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Self-management of Chemotherapy-Related Nausea and Vomiting: A Cross-sectional Survey of Chinese Cancer Patients

Lou, Yan PhD; Yates, Patsy PhD; McCarthy, Alexandra PhD; Wang, He M. RN

doi: 10.1097/NCC.0b013e318291b6f5

Background: Chemotherapy-induced nausea and vomiting (CINV) remain prevalent among cancer patients despite pharmacological advances in CINV therapy. Patients can initiate nonpharmacologic strategies, which potentially play an important role as adjuncts to pharmacological agents in alleviating CINV. Some studies have explored nausea and vomiting self-management (NVSM) behaviors among patients in Western settings; however, little is known about the NVSM behaviors of patients in China.

Objectives: This study examines NVSM behaviors of Chinese cancer patients.

Methods: A cross-sectional survey was conducted in a specialist cancer hospital in southeast China.

Results: A sample of 255 cancer patients was recruited. A mean of 8.56 (±3.15) NVSM behaviors was reported. Most NVSM behaviors were rated as moderately effective and were implemented with moderate self-efficacy. Higher distress levels, better functional status, previous similar symptom experiences, receiving chemotherapy as an inpatient, and greater support from multiple levels were related to greater engagement in NVSM; higher self-efficacy levels pertaining to NVSM behaviors were associated with reports of more relief from specific NVSM behaviors.

Conclusions: A range of NVSM strategies was initiated by Chinese cancer patients and provided some relief. A range of individual, health status, and environmental factors influenced engagement with and relief from NVSM behaviors.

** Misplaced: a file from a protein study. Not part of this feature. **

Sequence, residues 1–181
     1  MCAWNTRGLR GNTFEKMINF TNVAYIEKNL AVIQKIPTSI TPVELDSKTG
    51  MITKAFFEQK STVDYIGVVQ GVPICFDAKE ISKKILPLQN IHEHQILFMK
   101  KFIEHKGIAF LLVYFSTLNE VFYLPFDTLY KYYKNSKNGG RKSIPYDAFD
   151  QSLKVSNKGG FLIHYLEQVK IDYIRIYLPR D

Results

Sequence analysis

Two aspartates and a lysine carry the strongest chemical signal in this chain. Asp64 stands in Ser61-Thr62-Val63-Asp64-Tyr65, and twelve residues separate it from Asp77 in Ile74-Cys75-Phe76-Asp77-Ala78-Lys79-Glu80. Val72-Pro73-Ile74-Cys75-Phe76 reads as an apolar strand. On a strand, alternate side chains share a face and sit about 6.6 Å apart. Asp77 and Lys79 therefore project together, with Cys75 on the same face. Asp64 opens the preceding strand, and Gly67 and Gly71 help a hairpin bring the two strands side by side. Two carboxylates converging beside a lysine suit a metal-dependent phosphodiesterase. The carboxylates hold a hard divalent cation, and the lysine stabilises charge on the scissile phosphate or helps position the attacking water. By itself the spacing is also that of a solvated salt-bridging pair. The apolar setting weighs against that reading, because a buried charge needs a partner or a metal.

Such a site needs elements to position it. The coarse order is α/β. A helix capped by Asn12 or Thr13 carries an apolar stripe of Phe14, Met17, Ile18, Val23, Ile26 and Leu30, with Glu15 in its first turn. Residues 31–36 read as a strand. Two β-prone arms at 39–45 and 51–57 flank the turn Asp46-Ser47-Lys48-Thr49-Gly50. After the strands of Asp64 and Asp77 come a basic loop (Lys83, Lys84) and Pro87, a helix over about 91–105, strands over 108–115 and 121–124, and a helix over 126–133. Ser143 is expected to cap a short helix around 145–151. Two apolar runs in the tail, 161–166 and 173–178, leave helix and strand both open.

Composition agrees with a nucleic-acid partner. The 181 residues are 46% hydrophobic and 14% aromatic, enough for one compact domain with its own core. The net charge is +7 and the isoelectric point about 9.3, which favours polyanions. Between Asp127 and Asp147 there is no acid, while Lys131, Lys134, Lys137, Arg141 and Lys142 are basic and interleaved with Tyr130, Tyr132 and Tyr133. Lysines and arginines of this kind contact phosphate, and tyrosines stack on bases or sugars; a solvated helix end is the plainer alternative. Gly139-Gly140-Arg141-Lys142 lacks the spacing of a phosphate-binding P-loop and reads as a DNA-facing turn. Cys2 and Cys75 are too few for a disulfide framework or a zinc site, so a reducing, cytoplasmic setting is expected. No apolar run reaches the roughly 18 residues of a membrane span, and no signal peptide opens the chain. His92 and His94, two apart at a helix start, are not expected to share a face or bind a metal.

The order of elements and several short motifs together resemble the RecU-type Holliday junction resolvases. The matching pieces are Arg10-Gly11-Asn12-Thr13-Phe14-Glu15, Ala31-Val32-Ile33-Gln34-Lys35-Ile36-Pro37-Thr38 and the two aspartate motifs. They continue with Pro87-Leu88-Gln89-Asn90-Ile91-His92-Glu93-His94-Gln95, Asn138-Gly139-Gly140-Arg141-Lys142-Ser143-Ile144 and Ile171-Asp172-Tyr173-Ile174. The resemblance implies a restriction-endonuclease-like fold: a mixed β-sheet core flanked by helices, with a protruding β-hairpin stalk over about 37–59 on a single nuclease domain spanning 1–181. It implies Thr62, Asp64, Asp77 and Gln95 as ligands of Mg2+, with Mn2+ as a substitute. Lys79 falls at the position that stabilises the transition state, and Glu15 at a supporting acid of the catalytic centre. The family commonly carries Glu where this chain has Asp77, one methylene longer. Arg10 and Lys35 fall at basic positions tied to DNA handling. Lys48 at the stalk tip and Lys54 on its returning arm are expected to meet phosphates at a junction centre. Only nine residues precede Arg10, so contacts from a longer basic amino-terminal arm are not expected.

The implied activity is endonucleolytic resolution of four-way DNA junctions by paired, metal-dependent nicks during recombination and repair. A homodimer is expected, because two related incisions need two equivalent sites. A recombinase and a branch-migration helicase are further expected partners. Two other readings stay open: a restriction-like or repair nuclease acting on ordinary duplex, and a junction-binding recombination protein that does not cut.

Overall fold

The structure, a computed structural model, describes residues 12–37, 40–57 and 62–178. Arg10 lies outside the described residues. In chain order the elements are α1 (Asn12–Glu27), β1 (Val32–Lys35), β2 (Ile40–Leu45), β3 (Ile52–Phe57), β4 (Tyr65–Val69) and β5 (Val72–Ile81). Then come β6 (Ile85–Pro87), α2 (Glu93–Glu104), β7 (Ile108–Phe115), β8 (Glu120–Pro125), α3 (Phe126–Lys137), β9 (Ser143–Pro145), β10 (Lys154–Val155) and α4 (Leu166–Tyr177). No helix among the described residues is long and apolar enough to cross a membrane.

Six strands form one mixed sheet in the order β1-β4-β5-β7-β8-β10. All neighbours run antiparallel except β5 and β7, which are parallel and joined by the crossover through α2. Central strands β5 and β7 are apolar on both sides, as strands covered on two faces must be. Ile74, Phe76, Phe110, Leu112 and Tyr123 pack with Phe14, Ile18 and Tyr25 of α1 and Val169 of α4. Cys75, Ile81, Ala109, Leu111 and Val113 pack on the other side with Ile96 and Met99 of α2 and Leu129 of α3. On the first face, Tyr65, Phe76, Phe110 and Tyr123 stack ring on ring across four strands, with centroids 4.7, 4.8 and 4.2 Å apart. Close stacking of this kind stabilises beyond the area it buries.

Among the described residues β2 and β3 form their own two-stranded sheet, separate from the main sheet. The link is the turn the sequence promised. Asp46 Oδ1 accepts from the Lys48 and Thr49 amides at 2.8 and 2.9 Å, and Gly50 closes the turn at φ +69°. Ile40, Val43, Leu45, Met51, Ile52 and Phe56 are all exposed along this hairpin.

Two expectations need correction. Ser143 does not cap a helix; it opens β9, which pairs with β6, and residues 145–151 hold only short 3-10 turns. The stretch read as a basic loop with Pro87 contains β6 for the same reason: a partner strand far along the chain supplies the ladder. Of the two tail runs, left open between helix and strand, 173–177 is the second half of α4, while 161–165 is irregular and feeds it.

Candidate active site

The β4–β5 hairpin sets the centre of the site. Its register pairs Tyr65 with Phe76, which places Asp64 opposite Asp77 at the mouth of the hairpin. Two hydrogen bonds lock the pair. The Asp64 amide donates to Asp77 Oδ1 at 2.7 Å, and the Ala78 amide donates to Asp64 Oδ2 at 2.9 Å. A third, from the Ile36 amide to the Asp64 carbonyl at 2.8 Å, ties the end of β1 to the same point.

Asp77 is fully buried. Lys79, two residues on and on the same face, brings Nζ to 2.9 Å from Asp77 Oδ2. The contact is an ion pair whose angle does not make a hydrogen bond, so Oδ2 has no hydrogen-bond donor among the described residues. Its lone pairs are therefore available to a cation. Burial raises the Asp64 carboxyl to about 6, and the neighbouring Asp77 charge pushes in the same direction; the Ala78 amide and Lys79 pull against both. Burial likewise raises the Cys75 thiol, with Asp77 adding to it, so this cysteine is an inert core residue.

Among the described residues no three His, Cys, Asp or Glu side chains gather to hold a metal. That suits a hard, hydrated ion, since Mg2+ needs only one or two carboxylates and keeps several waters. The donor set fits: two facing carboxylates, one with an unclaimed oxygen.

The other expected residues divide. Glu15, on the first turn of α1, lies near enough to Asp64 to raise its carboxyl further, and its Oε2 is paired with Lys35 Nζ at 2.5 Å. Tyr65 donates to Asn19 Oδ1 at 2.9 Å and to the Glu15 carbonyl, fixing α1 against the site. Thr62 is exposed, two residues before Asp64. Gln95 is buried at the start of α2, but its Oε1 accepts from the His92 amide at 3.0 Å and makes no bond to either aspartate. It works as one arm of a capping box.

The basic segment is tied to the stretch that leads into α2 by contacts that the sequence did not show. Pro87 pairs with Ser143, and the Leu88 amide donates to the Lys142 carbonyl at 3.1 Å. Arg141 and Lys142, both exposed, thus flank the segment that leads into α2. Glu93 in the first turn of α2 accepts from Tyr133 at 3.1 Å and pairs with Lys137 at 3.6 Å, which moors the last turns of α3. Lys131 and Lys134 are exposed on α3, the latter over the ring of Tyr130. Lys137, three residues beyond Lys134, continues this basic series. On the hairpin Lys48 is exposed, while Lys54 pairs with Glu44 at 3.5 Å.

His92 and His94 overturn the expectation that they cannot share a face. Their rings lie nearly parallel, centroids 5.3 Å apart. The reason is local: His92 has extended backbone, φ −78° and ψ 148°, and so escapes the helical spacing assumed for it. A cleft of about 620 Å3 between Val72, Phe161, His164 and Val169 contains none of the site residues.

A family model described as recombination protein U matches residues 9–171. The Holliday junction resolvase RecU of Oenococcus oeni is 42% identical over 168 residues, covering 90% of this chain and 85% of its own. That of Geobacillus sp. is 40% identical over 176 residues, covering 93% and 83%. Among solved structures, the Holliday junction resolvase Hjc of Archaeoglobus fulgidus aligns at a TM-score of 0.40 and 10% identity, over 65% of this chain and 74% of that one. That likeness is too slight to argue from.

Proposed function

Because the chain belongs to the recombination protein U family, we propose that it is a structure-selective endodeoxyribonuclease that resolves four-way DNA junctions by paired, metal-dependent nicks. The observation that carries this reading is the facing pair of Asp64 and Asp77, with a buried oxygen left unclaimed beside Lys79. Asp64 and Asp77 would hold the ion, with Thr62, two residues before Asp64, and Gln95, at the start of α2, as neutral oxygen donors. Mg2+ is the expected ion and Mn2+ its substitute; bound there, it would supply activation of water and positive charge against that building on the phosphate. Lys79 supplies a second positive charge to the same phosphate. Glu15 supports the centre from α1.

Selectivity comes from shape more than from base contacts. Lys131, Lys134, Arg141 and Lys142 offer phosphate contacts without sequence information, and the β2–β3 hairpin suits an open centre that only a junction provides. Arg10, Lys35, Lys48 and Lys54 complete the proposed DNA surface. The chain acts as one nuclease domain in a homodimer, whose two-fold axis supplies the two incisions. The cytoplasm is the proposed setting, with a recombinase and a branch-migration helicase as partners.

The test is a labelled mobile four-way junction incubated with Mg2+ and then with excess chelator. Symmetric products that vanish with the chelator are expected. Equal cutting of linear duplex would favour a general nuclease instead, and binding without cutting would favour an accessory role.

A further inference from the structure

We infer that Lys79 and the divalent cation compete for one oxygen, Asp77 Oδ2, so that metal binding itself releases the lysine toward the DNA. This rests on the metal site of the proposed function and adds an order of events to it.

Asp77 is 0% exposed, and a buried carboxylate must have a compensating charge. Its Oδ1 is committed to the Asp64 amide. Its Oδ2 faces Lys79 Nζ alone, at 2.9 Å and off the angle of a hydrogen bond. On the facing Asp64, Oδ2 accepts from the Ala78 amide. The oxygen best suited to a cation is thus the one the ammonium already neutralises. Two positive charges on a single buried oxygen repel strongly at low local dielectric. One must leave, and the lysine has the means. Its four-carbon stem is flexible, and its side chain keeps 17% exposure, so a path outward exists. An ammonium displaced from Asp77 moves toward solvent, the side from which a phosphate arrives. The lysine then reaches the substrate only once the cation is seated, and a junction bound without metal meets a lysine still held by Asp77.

Implications for Practice: To enhance Chinese patients’ NVSM, patients should be supported to engage in behaviors including taking antiemetics, modifying their diet, using psychological strategies, and creating a pleasant environment. The findings highlight the importance of enhancing patients’ self-efficacy in NVSM, alleviating symptom distress, and improving social support to achieve better outcomes.

Author Affiliations: School of Nursing, Hangzhou Normal University, People’s Republic of China (Dr Lou); Institute of Health and Biomedical Innovation, Queensland University of Technology, Brisbane, Australia (Drs Yates and McCarthy); and Zhejiang Cancer Hospital, Hangzhou, People’s Republic of China (Mrs Wang).

Dr Yates is currently receiving grant from Merck on a separate project on nurse practices in managing nausea and vomiting. The remaining authors have no conflicts of interest to disclose.

Correspondence: Yan Lou, PhD, School of Nursing, Hangzhou Normal University, 16 XueLin St, XiaSha Education Zone, Hangzhou City, Zhejiang Province, People’s Republic of China 310036 (

Accepted for publication February 18, 2013.

© 2014 Wolters Kluwer Health | Lippincott Williams & Wilkins